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A Separate Reality

March 11, 2010 - Posted by Maurice Belanger

Separate reality 
Images: (c)iStockphoto/Simon McConico; (c)iStockphoto/helenecanada

There was a happy ending recently in the case of a man from China who was to be deported under rules set by an immigration law passed in the mid-1990s. It took a governor's pardon to protect Qing Hong Wu from the parallel universe that has developed for legal immigrants who get into trouble with the law.

In 1996, Members of Congress were still reacting to anti-immigrant sentiment that began in California and swept across the country. They enacted a pair of laws-the Illegal Immigration Control and Immigrant Responsibility Act (IIRAIRA) and the Anti-Terrorist and Effective Death Penalty Act (AEDPA)-that created a reality separate from the normal criminal justice system.

Among other things, the law expanded the definition of "aggravated felony." In the universe of the American citizen, the label "aggravated felony" is reserved for serious crimes-murder, rape, violent crimes, and like offenses. In the parallel universe created by the 1996 laws, an aggravated felony for a legal immigrant might be, say, shoplifting-if it results in a sentence of a year or more. It doesn't matter whether the sentence was served or suspended.

Other features of the separate reality include mandatory jailing and removal from the U.S. Courts were stripped of their jurisdiction to hear appeals in these cases. Congress made these laws retroactive, so an immigrant's future behavior mattered little if his or her past behavior resulted in a criminal conviction. In this parallel universe, rehabilitation counts for nothing, and immigration judges have no authority to consider individual circumstances.

After the passage of these laws, the papers were filled with bizarre stories such as that of Olufolake Olaleye of Georgia who, several years before the laws were passed, was convicted of shoplifting and given a one-year suspended sentence. In 1996, by virtue of Congressional action, she became an "aggravated felon" and was placed in deportation proceedings.

In the case of Mr. Wu, he immigrated to the U.S. from China with his family when he was five. His parents led a very typical life of low-income immigrants coming to this country-they worked hard and long hours. They were not able to monitor the type of crowd their son hung out with. With his friends, he committed a series of muggings. He was 15 when he was sentenced to three to nine years in a juvenile facility. The Judge who sentenced him, Michael Corriero, promised Mr. Wu that if he turned his life around while in the reformatory, "I am here to stand behind you."

Turn around his life is what Mr. Wu did. He earned release after three years, went to work, and eventually became Vice President for IT at a real estate financial management company. He had success. What he didn't have was U.S. citizenship. It was time to apply.

That’s when Mr. Wu entered the parallel universe where Mr. Wu's good behavior doesn't count, nor do his other circumstances—he has a U.S. citizen fiancée, he financially supports his elderly mother. His long-ago criminal record came to the attention of the immigration authorities. He was jailed, and the immigration agency began proceedings to send him back to China.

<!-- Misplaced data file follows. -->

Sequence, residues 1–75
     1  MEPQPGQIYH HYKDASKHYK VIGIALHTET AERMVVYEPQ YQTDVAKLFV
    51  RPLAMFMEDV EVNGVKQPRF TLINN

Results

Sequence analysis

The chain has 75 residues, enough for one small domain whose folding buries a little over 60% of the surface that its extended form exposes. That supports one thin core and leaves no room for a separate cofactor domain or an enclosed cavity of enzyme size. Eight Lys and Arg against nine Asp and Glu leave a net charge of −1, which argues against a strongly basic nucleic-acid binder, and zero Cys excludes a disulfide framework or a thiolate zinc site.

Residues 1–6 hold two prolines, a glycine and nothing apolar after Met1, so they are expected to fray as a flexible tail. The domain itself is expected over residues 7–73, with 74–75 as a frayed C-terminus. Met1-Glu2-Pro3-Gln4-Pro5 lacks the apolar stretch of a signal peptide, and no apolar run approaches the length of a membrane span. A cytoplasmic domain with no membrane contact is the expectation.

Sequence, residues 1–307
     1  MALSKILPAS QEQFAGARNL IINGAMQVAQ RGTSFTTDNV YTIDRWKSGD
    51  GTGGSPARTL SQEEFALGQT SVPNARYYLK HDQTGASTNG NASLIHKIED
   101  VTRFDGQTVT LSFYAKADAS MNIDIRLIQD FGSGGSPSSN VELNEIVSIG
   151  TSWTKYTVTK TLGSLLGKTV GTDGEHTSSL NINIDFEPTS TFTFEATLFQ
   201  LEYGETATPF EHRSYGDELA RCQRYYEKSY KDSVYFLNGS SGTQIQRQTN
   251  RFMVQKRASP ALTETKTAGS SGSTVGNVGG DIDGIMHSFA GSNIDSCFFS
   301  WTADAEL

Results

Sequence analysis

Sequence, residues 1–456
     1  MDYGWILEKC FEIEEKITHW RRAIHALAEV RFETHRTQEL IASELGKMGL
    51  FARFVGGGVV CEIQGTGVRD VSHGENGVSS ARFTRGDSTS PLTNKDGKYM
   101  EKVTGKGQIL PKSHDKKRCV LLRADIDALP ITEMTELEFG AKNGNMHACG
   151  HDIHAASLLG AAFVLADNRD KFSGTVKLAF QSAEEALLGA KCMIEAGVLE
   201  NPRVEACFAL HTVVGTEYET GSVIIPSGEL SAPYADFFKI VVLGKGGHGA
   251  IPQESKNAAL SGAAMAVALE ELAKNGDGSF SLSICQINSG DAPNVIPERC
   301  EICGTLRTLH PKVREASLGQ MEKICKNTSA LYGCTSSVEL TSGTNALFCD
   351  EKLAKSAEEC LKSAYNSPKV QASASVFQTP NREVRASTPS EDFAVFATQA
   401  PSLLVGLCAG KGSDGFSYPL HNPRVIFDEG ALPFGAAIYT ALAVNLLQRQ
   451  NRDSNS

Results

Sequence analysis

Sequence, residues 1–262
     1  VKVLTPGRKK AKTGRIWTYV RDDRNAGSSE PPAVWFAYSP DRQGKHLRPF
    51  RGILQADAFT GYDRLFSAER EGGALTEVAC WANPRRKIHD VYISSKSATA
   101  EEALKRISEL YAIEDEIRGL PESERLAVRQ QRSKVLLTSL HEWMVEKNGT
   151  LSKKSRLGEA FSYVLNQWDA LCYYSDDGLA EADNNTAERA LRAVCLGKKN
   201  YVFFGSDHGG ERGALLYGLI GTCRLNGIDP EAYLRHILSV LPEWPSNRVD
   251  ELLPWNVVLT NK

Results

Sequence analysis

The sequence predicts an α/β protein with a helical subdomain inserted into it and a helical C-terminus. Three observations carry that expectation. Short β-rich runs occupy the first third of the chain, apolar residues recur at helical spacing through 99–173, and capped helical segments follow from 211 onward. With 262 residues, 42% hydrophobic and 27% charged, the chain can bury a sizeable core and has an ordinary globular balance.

Brian Hale, a spokesman for Immigration and Customs Enforcement (ICE), told the New York Times,

"This administration is committed to smart and effective immigration policies that place an emphasis on the deportation of criminal aliens. While we are not able to discuss any individual cases, ICE will enforce the law, and if an individual has been convicted of a serious or dangerous crime, we will take the appropriate action, including deportation."

Smart and effective immigration policies? One would hope that a spokesperson for our immigration enforcement agency would be able to distinguish between someone who is a threat to society and one who ceased being a threat a decade and a half ago.

The agency has to enforce some stupid laws, and it would be better for all concerned if their representatives used these sorts of incidents to educate us about that fact. What Mr. Hale should have said was something like, "Look, it is an incredible waste of agency resources and taxpayer dollars to lock up someone like Mr. Wu who learned from his mistakes 15 years ago and who has been a very productive resident of New York ever since. We need Congress to act to make the laws more rational."

Mr. Wu was lucky. Judge Corriero (now retired) kept his word, and joined Mr. Wu's boss, the Police Benevolent Association, Mr. Wu's fiancée, and dozens of others in petitioning Governor Paterson for Mr. Wu's pardon.

The pardon was granted, wiping away the criminal record that served as the basis for Mr. Wu's deportation. In his Press Release, the Governor said,

"Qing Hong Wu's case proves that an individual can, with hard work and dedication, rise above past mistakes and turn his life around."

That's just common sense. It shouldn't have to take a governor's pardon to point that out. Our immigration laws should allow for rehabilitation. Individual circumstances should be taken into account when deciding whether it makes sense to boot someone out of the country.  That would be "smart and effective" enforcement.


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